Carotid Intima-Media Thickness: Novel Loci, Sex-Specific Effects, and Genetic Correlations With Obesity and Glucometabolic Traits in UK Biobank
1 February 2020
This study looked at the amount of fatty deposits on blood vessel walls in over 22,000 individuals, to work out how small differences in their DNA might cause heart disease. They found some specific changes in DNA that are likely to be involved in causing heart disease, weight gain and metabolism.
Share this page
Strawbridge RJ, Ward J, Bailey MES, Cullen B, Ferguson A, Graham N, Johnston KJA, Lyall LM, Pearsall R, Pell J, Shaw RJ, Tank R, Lyall DM, Smith DJ.
Arteriolsclorosis, Thrombosis and Vascular Biology, (2019) 446-461
Atherosclerosis is the underlying cause of most cardiovascular disease, but mechanisms underlying atherosclerosis are incompletely understood. Ultrasound measurement of the carotid intima-media thickness (cIMT) can be used to measure vascular remodeling, which is indicative of atherosclerosis. Genome-wide association studies have identified many genetic loci associated with cIMT, but heterogeneity of measurements collected by many small cohorts have been a major limitation in these efforts. Here, we conducted genome-wide association analyses in UKB (UK Biobank; N=22 179), the largest single study with consistent cIMT measurements.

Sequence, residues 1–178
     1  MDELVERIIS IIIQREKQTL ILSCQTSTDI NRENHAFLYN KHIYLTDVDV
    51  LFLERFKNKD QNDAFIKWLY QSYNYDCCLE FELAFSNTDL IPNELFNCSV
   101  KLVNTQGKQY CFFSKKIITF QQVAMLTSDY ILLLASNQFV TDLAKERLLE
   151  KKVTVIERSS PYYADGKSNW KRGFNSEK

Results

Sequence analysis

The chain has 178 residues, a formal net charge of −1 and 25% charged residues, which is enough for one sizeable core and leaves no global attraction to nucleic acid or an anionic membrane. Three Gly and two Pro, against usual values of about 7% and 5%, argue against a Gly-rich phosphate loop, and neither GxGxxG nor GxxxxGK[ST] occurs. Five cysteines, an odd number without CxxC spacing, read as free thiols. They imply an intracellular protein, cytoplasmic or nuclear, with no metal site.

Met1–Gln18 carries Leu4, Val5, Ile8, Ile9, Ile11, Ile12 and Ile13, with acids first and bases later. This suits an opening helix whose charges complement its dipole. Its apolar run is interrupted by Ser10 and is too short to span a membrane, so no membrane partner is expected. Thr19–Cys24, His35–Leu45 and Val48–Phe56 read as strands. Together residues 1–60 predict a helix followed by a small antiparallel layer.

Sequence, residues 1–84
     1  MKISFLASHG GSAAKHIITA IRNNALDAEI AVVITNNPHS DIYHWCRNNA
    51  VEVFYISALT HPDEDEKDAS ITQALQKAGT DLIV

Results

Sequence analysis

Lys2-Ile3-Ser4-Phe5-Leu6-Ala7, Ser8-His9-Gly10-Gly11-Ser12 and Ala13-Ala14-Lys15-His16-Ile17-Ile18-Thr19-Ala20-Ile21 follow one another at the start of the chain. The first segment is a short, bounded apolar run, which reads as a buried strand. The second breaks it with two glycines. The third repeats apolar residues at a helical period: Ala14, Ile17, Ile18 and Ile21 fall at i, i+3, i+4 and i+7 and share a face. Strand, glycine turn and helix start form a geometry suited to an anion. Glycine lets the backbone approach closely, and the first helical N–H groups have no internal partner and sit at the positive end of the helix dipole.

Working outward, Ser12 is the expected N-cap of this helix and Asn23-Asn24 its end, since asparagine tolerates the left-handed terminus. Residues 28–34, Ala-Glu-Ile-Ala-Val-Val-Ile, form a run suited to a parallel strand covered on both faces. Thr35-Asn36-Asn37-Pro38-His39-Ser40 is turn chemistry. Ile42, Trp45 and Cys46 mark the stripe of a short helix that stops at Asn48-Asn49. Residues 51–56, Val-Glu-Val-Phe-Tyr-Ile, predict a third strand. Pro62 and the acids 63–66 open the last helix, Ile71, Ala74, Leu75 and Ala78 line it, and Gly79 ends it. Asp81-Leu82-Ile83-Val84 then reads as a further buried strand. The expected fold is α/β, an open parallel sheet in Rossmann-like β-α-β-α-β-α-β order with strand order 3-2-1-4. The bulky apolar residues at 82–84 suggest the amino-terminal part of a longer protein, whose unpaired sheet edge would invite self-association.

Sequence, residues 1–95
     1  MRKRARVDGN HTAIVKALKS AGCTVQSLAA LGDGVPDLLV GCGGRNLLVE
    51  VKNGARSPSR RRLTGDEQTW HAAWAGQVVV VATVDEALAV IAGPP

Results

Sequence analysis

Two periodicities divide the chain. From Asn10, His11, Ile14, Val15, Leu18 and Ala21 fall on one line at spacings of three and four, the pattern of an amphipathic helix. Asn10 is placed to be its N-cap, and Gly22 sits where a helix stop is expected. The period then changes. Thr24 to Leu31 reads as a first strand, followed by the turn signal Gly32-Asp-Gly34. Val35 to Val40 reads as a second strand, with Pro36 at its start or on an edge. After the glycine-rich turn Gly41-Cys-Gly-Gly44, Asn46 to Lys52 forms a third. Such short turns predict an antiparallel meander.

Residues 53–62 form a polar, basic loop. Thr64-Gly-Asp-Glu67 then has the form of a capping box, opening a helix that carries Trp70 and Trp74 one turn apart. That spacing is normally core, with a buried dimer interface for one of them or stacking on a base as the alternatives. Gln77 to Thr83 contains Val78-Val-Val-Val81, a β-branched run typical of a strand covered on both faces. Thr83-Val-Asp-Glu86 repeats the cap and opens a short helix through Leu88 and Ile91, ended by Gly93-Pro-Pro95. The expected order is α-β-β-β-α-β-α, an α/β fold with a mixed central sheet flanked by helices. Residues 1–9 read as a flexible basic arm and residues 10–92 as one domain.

Approach and Results:
We used BOLT-LMM software to run linear regression of cIMT in UKB, adjusted for age, sex, and genotyping chip. In white British participants, we identified 5 novel loci associated with cIMT and replicated most previously reported loci. In the first sex-specific analyses of cIMT, we identified a locus on chromosome 5, associated with cIMT in women only and highlight VCAN as a good candidate gene at this locus. Genetic correlations with body mass index and glucometabolic traits were also observed. Two loci influenced risk of ischemic heart disease.
These findings replicate previously reported associations, highlight novel biology, and provide new directions for investigating the sex differences observed in cardiovascular disease presentation and progression.